Why was Russia ruled by so many non-Russians?

Emperor Nicholas II of Russia and his wife, Empress Alexandra Feodorovna, cosplaying the 17th-century Russian ruling couple during the celebrations of the 300th anniversary of the Romanov dynasty, 1913.

Emperor Nicholas II of Russia and his wife, Empress Alexandra Feodorovna, cosplaying the 17th-century Russian ruling couple during the celebrations of the 300th anniversary of the Romanov dynasty, 1913.

Public domain; Klimbim
The history of Russia officially began with the arrival of foreign princes from the North, and the last Russian tsar was German by blood. What were the historical precursors to this ‘foreign rule’?

Although there are still doubts and uncertainties about the exact details surrounding the summoning of the Varangians, historians agree that whoever Rurik, the Varangian prince was, he wasn’t Russian by birth.

The Rurikids assimilated

Rurik, from a 17th-century Russian manuscript

We can safely assume that the first princes of the Russian lands were Nordic. They even bore Scandinavian names – Igor, Oleg, Olga. However, with the arrival of the 10th century, they were assimilated into and became one with the Russian population.

Vladimir the Great, the Kievan prince who baptized Russia, was a born Rurikid, Rurik’s great-grandson. He sought to establish dynastical ties with foreign countries. In pursuit of this mission, he arranged marriages of some of his daughters to foreign princes and kings – although we can’t tell for certain how many exactly, due to insufficient historical sources.
His daughter Premislava (d. 1015), for instance, became the spouse of Hungarian Prince Ladislas the Bald (997-1030), while Maria Dobroniega (1012-1087) was the wife of Casimir I the Restorer, Duke of Poland (1016-1058). However, none of Vladimir’s daughters or their offspring returned to Russian lands.

The Rurikids continued to rule Russia until the early 17th century, when, after the Time of Troubles, the Romanov dynasty took the Russian throne.

Peter the Great ties the Romanov bloodline to foreign ones

Duke Friedrich Wilhelm of Courland, and Anna Ioannovna

Tsar Alexey Mikhailovich (1629-1676), Peter the Great’s father, was very rigorous about issues of tradition when it concerned dynastic marriages. He didn’t approve of his daughters marrying foreign princes, most likely because he didn’t want a foreign dynasty to have rights to the Russian throne.

Unlike Alexey Mikhailovich, his son Peter used his daughters and nieces as pieces in a great European dynastic game. He managed to arrange the marriage of his niece, Anna Ioannovna (1693-1740), to Frederick William, Duke of Courland (1692-1711), who unfortunately died shortly after the marriage, perhaps because of the heavy drinking at the Russian court. Anna and Frederick William had no children.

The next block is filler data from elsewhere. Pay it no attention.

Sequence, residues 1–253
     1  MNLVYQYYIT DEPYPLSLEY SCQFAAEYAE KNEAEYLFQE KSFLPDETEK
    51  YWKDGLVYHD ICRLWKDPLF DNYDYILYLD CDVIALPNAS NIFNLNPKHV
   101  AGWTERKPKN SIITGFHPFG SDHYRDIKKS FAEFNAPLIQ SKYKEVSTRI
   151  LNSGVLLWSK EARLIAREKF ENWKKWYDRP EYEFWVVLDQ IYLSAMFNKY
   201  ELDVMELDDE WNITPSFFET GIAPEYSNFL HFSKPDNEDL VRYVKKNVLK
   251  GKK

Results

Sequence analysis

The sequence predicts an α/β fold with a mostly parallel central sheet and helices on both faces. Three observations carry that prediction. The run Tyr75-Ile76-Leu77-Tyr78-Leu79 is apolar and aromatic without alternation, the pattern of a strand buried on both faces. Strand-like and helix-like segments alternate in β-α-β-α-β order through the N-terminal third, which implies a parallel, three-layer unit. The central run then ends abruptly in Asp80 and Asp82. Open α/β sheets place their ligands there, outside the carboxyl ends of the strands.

Meanwhile, the daughter of Peter and his second wife Catherine (1684-1727), Anna (1708-1728), who was born even before Peter married Catherine, became the wife of Charles Frederick, Duke of Holstein-Gottorp (1700-1739). Anna moved to Kiel, the capital of the German land of Schleswig-Holstein. And although she died young, just three months before her death, she gave birth to Charles Peter Ulrich of Schleswig-Holstein-Gottorp (1728-1762), who would become the Russian Emperor under the name of Peter III.

The German Romanovs

Russian Emperor Peter III

Elizabeth Petrovna (1709-1762), another of Peter’s and Catherine’s junior daughters, was the last Russian ruler to have at least half Russian blood coursing through her veins (Catherine was Livonian by birth). Peter III, who became her successor, was overthrown by his wife, Catherine (1729-1796), born Sophie of Anhalt-Zerbst.

The only son of Peter III and Catherine II, Paul I of Russia (1754-1801), married twice, both times to German princesses. His first wife, Princess Wilhelmina Louisa of Hesse-Darmstadt (1755-1776), died in childbirth, together with her stillborn son, while his second, Sophie Dorothea of Württemberg (1759-1828), became Maria Feodorovna after adopting Russian Orthodox faith.

Maria Fyodorovna and Paul I of Russia

All of Paul’s and Maria’s children, including Alexander (1777-1825) and Nicholas (1796-1855) – who would become Russian Emperors consequently, were fully German by birth, and all of their offspring were, too, because in the 19th century, Russian Emperors, remarkably, didn’t marry any Russian princesses – there were simply no matches for them in a dynastic sense, and the Romanovs of the 19th century strictly adhered to the rules of succession to the throne, established in Russia. These rules stated that heirs to the Russian throne must only marry women who were close or equal to them in royal status – and in Russia, there were no other dynasties that could match the Romanovs. They simply had no choice but to marry European princesses – preferably German, because of the long-lasting ties that started with Peter’s daughter Anna marrying the Duke of Holstein-Gottorp. Eventually, that led to the Romanovs and the House of Windsor (formerly, German House of Saxe-Coburg and Gotha) becoming closely related.

Nicholas II in 1913, wearing a traditional costume of Russian Grand Princes of the 17th century

By the end of the 19th century, the Russian Emperors barely knew Russian: Alexander III (1845-1894) spoke Russian with a thick German accent, while his son Nicholas II (1868-1918), the last Russian Emperor, preferred to communicate in English even with his wife, Alexandra Feodorovna (1872-1918), born Princess Alix of Hesse and by Rhine.

Although, in 1913, Nicholas and Alexandra dressed themselves and all of the royal Russian court in traditional Russian clothes – modeled after the garments of the 17th century, to celebrate the 300th anniversary of the Romanov dynasty – they were merely cosplaying Russians.

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